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Thursday, September 23, 2021
BEIRUT, May 3 2012 (IPS) - The Lebanese army seized a ship last weekend carrying three containers filled with weapons reportedly intended for Syria’s rebel fighters. Although Lebanon has remained relatively stable throughout the sustained violence next door in Syria, this discovery is the most recent reminder that the country is far from immune to the unrest plaguing its neighbour.
The Basher Assad government in Syria has often complained of arms being smuggled into Syria from neighbouring countries, and since the inception of the uprising little over a year ago there have been a number of weapons shipments intercepted in Lebanon. The smuggling routes across the notoriously porous border between the two countries are now being used to move weapons and supplies into Syria and to provide passage for the fleeing refugees and injured fighters.
“I’m going to see my army,” said Zaki while waiting in a safe house just inside the Lebanese side of the border. His family are from Hama and Homs, hotbeds of the Syrian opposition. They were exiled in 1981 during the crackdown on the Muslim Brotherhood by former president Hafez al-Assad.
They now have a successful trading company in Saudi Arabia and, according to Zaki, “are transferring money to people (in Lebanon) and they send the money to the revolutionary people to buys guns.”
He claimed they have been sending 100,000 dollars every month for the past eight months to opposition fighters of the Free Syrian Army (FSA). He said his father had sent him to make sure the money was providing the fighters with the weapons they expected. “The Saudi government does not want to stop anyone who works like this. They are covering us. They want us to work without talking,” he said.
The funding and arming of the FSA has been a divisive issue among the countries within the international community supporting the uprising. While there has been no inter-governmental agreement to overtly arm the fighters, after the last ‘Friends of Syria’ meeting in early April, Saudi Arabia and other Gulf states reportedly committed to establishing a multi million-dollar fund to pay members of the FSA.
Speaking on condition of anonymity he said, “Some merchants are trying to create their markets inside of Homs by getting certain groups to buy their weapons and create war. We have a problem with them. It is known now that those merchants are creating a small war for their market.”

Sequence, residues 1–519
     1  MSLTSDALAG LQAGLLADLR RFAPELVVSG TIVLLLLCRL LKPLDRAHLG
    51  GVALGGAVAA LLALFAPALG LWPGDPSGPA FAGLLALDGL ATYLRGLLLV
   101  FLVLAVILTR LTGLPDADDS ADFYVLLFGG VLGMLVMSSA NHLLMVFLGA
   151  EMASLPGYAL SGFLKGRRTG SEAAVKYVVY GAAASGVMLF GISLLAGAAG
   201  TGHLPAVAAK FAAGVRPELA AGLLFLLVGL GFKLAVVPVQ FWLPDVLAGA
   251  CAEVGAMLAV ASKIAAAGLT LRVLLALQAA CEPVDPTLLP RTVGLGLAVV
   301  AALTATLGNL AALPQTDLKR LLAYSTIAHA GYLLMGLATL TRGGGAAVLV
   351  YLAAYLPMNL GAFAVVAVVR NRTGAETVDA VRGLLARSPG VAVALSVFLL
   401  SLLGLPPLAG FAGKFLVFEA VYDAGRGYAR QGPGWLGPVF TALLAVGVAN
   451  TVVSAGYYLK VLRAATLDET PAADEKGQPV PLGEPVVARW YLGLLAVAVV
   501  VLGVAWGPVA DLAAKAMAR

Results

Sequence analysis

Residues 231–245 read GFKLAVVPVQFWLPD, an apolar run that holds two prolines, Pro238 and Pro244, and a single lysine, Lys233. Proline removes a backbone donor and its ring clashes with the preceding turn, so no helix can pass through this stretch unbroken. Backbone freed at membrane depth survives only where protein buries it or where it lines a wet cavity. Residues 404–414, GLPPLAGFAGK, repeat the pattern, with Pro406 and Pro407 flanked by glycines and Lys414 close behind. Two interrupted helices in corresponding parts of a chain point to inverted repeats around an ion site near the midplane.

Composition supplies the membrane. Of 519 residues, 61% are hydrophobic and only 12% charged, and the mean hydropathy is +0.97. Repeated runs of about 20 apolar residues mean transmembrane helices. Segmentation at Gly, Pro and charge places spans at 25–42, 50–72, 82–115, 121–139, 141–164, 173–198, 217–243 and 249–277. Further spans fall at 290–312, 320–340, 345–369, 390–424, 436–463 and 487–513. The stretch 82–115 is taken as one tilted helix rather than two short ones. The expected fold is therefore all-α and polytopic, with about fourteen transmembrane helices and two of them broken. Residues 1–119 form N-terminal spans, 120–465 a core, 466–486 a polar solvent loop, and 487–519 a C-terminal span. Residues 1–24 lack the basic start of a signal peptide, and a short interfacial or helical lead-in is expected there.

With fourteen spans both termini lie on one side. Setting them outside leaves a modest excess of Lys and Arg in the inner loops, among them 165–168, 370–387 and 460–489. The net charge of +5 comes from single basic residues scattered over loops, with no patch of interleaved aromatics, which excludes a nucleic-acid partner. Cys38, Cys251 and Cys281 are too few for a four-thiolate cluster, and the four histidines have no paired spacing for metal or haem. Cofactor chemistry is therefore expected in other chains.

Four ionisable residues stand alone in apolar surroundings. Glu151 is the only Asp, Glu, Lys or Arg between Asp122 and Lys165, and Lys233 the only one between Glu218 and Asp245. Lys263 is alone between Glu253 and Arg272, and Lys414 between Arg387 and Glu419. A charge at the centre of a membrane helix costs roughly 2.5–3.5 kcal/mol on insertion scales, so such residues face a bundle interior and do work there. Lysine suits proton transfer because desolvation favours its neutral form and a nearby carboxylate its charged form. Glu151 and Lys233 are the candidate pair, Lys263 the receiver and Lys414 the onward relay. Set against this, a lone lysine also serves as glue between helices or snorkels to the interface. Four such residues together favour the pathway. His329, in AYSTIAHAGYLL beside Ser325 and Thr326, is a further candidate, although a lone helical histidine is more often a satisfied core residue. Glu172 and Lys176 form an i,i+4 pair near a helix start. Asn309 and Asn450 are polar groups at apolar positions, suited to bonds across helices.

The increased demand, whether it is for the revolutionaries in Syria or militias in Lebanon, has caused prices to rise sharply. The same activist said a Kalashnikov rifle now fetched around 2,000 dollars whereas the pre-revolution price tag would have been closer to 200 to 300 dollars. “You could spend 25-30,000 dollars just on providing munitions to a single checkpoint,” he calculated.
As well as weapons being smuggled from sea before being sent overland to Syria, there have been reports of weapons being stolen and sold from within the Lebanese army.
In early April the Lebanese daily Al-Akhbar reported that an intelligence officer who was in charge of a weapons depot had been detained for questioning on suspicion of stealing and selling arms. That same week at the safe house on the border, Zaki said, “The (arms dealers) are selling from Lebanon, some even thieve from the Lebanese army and others are importing to Lebanon.”
In addition to the flow of arms across the border there is a steady stream of people, with the United Nations Refugee Agency (UNHCR) estimating there are 24,000 displaced Syrians who have made the journey to seek sanctuary in Lebanon. Along with the civilians fleeing in search of safety, fighters regularly cross the border.
The traffic of fighters has predominantly been Syrian combatants. But recent reports suggest some Lebanese are now making the journey to join the revolution. Hilal Khashan, professor of political science at American university of Beirut, said, “Like what happened in Iraq, parts of Syria are now becoming a land for jihad…The Syrians are responding by crossing the border and opening fire. There is a low intensity conflict on the border between Syria and Lebanon but I don’t see it developing into a major confrontation.”
Tripoli in north Lebanon is a conservative Sunni city that has close societal, familial and historical ties with the communities in western Syria revolting against the Assad regime. Sheikh Mazen al-Mohammad is a leading religious figure in the city and has been at the forefront of the regular demonstrations in support of the Syrian uprising.
He denies recent media reports claiming he said he has sent religiously inspired fighters, or mujahideen, to Syria but added, “If these international efforts we see fail in helping our brothers in Syria, and they request us to help them to victory then we will do it, whatever the consequences.”
Syria enjoyed a strong military presence in Lebanon from 1976 until 2005, and many of the Sunni communities, especially in the north, harbour strong resentment over their treatment during this time. Sheikh Mazen al-Muhammad said, “The Sunnis in Lebanon, because of their suffering at the hands of the Syrian regime, can understand the position of the Syrian revolution more than anyone in the Arab World… When this uprising began in Syria the wounds were opened afresh here.”
The fragile balancing act played by Lebanon’s politicians and sectarian leaders has so far kept the nation aloft from the violence next door. However, Lebanon is intrinsically connected to Syria, and its sectarian and political tensions have been tangibly exacerbated by the uprising there.
The thriving trade in weapons and potential militarisation of certain communities does little to allay fears of renewed civil strife in Lebanon if the Syria crisis deteriorates further.
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